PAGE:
Leaves and twigs of twenty plants belonging to the genus Quercus (Q. coccifera L., Q. ilex Lour., Q. pubescens Will., Q. robur L., Q. sp. and Q. suber L.) (Table 1) were sampled between September and October 2019 in five locations of the Apulia District (Southern Italy): Bari (crop area), Mercadante Forest (Alta Murgia National Park – crop and natural areas), Cassano delle Murge (natural area), Bitetto (natural area) and Mattinata (natural area) (Figure 2). Plant samples were kept in polyethylene bags containing a paper towel, stored in a refrigerator (at about +4oC) and analyzed using Olympus SZH10 stereomicroscope at the Department of Soil, Plant and Food Sciences (DiSSPA), University of Bari Aldo Moro. Mites were slide-mounted in Hoyer's mounting medium (Walter and Krantz 2009) and dried in an oven (40-50 °C) for one week. Mites were identified based on the original descriptions and illustrations by Livschitz and Mitrofanov (1967); the identification of the plant hosts follows Fiori (1969). The specimens were studied using Differential Interference Contrast (DIC) and Phase Contrast microscopy. Voucher specimens were deposited in the Entomological and Zoological Section, Department of Soil, Plant and Food Sciences (DiSSPA), University of Bari Aldo Moro, Italy (UNIBA); two slides of C. longirostris (1 deutonymph and 1♀) are deposited also in the United States National Insect and Mite Collection Smithsonian Institution, located at the Systematic Entomology Laboratory (SEL), USDA, Beltsville, Maryland, USA (USNM).

Figure 2. Map of Apulian District showing the locations inspected for Brevipalpus recki and Cenopalpus longirostris. Negative sites: 1 (Bari), 3 (Cassano delle Murge - Alta Murgia National Park) and 5 (Mattinata). Positive sites: 2 (Mercadante Forest - Alta Murgia National Park) and 4 (Bitetto).

Table 1. Species belonging to the Quercus genus, collected in five Apulian territories.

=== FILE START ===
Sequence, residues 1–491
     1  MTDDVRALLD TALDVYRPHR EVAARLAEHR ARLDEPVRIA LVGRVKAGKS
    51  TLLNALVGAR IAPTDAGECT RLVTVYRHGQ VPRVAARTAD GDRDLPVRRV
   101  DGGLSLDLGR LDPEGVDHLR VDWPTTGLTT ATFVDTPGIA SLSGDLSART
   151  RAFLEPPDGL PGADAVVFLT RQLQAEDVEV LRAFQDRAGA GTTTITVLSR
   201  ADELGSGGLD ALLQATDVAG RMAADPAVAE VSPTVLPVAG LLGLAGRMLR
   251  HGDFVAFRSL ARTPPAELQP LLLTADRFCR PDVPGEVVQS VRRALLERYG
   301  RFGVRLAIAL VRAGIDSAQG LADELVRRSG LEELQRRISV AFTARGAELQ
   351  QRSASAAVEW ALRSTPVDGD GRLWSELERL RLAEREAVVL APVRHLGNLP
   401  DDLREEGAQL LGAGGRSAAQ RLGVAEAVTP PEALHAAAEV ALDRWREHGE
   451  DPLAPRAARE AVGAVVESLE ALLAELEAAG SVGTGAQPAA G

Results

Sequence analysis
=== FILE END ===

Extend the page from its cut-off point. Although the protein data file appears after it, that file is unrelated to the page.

Brevipalpus recki and C. longirostris have been previously recorded on various host plant families: B. recki on Asteraceae (Inula vulgaris Trevis.), Fagaceae (Q. alba L., Q. cerris L., Q. ithaburensis Decne., Quercus sp.) and Rosaceae (Cerasus avium (L.) Moench, Rubus sp.); C. longirostris was reported on Fagaceae (Quercus sp.) (Papaioannou-Souliotis et al. 1994) and Rosaceae (Pyrus communis L.) (Livschitz and Mitrofanov 1967). However, B. recki and C. longirostris were collected together on Q. pubescens in three out of twenty samples inspected from the Mercadante Forest (Alta Murgia National Park) and Bitetto, located in southern Italy. Previously 27 species of flat mites were listed for Italy (De Giosa et al. 2021) and with the finding of C. longirostris, the total number of tenuipalpid mites in Italy increased to 28 species.


The authors thank Dr. Gregory Evans (APHIS-USDA) and Andrew Ulsamer (SEL-USDA) for the revision and helpful suggestions. To Debra Creel (SEL-USDA) for their help and support with references and materials. To the Department of Soil, Plant and Food Sciences, University of Bari Aldo Moro; Smithsonian, National Museum Natural History; National Agricultural Library (NAL-USDA), and SEL-USDA for support and assistance with specimens, references and equipment. The mention of trade names or commercial products in this publication is solely for the purpose of providing specific information and does not imply recommendation or endorsement by the USDA; USDA is an equal opportunity provider and employer. Research supported in part by University of Bari Aldo Moro (Global thesis).


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2022 De Giosa, Marcello; De Lillo, Enrico and Ochoa, Ronald